Game review: Harmonix’s Rock Band mounts a raucous reunion tour

Unlike most reunion tours, Rock Band 4 arrives with all of its predecessors’ energy intact. It’s the best party game around, turning your living room into a raucous nightclub.

Jamming with Rock Band 4. Courtesy Harmonix Music Systems
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Rock Band

Harmonix Music Systems

PlayStation 4, Xbox One

Four stars

Rock is dead, they say. It has certainly felt that way to fans of Rock Band, the series that made jamming with fake instruments an essential part of video-game culture in the 2000s. Those plastic guitars have been gathering dust since Rock Band 3 came out five years ago.

Harmonix has decided it is time to get the old band back together. Unlike most reunion tours, Rock Band 4 arrives with all of its predecessors’ energy intact. It’s the best party game around, turning your living room into a raucous nightclub.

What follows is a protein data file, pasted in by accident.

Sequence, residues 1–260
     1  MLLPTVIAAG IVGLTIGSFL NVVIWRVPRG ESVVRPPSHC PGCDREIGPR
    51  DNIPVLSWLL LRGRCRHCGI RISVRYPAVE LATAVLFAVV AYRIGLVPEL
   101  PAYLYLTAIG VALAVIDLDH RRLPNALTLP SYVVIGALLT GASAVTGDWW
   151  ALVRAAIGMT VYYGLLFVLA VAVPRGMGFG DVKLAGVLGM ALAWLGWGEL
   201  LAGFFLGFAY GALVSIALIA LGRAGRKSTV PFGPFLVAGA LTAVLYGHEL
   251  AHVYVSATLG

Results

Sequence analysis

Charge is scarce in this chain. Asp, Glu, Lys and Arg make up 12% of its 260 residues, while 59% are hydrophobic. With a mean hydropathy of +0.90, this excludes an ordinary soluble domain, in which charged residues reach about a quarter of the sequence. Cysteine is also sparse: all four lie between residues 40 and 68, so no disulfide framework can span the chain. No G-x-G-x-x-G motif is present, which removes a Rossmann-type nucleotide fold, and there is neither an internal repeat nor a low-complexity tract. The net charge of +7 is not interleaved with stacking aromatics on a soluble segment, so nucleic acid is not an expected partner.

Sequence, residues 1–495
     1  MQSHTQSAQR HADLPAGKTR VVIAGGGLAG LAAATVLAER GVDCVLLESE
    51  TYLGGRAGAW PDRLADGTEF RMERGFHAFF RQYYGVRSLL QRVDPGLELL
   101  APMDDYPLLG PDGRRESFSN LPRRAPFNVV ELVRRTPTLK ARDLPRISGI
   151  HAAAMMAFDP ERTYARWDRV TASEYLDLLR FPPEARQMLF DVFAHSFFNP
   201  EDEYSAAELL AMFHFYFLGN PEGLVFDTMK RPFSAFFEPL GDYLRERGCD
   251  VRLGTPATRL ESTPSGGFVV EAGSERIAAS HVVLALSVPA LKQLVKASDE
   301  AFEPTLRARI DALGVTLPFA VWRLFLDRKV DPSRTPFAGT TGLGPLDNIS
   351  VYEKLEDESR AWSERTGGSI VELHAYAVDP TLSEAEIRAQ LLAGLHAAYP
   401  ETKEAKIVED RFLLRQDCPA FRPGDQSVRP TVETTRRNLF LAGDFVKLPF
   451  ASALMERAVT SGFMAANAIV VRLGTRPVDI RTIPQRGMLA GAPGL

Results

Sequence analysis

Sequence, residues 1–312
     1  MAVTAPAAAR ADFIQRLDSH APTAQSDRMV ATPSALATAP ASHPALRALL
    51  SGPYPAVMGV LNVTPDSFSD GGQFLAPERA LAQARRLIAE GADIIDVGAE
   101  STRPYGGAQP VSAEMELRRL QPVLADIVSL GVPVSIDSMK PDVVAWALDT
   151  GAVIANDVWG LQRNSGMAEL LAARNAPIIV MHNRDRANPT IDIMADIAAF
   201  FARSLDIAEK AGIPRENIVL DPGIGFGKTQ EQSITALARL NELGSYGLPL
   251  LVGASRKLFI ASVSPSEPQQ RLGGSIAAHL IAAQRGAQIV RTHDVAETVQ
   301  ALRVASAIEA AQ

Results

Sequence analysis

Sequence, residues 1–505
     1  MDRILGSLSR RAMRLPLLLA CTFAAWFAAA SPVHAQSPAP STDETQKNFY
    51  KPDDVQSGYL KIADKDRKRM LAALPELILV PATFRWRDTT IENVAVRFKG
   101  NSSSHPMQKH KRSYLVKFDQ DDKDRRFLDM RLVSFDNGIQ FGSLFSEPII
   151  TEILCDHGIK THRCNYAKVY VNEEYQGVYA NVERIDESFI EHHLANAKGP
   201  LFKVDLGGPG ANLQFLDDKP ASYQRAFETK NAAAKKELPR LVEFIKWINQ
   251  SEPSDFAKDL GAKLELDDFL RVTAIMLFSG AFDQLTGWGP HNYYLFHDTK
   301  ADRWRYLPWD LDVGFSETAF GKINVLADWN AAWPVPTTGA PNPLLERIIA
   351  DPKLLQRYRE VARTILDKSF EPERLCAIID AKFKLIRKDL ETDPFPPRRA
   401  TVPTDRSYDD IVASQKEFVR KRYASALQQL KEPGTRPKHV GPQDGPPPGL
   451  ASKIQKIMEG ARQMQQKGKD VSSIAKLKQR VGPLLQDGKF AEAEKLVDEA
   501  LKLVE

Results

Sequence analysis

The basics remain the same. Coloured notes stream down the screen and you press matching buttons on the ­guitar-shaped controller. ­Likewise, drummers have coloured drum pads to strike, and singers need to sing in tune to the on-screen notes. This version’s major addition to the gameplay, freestyle solos, gives you the freedom to cut loose.

Newcomers will want to invest in the US$250 (Dh918) Band-in-a-Box bundle, which includes a guitar, drum kit and microphone. Solo acts can purchase the game and a guitar for $130. Veterans of the PlayStation 3 and Xbox 360 versions can just buy the software, which costs $60 for the PS4 and $80 for Xbox One, and use the instruments you already have.

If you’re a Rock Band old-­timer, you’ve probably spent hundreds of dollars on downloadable songs for the previous versions of the game. The good news is that Harmonix has upgraded a huge chunk of its library – about 1,500 tunes, including classics from David Bowie, The Who and The Clash.

It’s fortunate that so many downloadable hits are available, because the 60-plus songs on the disc is a weak line-up – think Fall Out Boy, Imagine Dragons and Grouplove. However, there is room for Rock Band stalwarts such as Foo Fighters, Jack White and Queens of the Stone Age.

A few rock staples, including Rick Derringer’s Rock and Roll Hoochie Koo and Van Halen’s Panama, make their debuts. And you get a few invigorating blasts of weirdness from St Vincent and Lightning Bolt.

There’s even a nifty slice of power pop from The Warning, a trio of three Mexican sisters, none older than 17.

* Lou Kesten /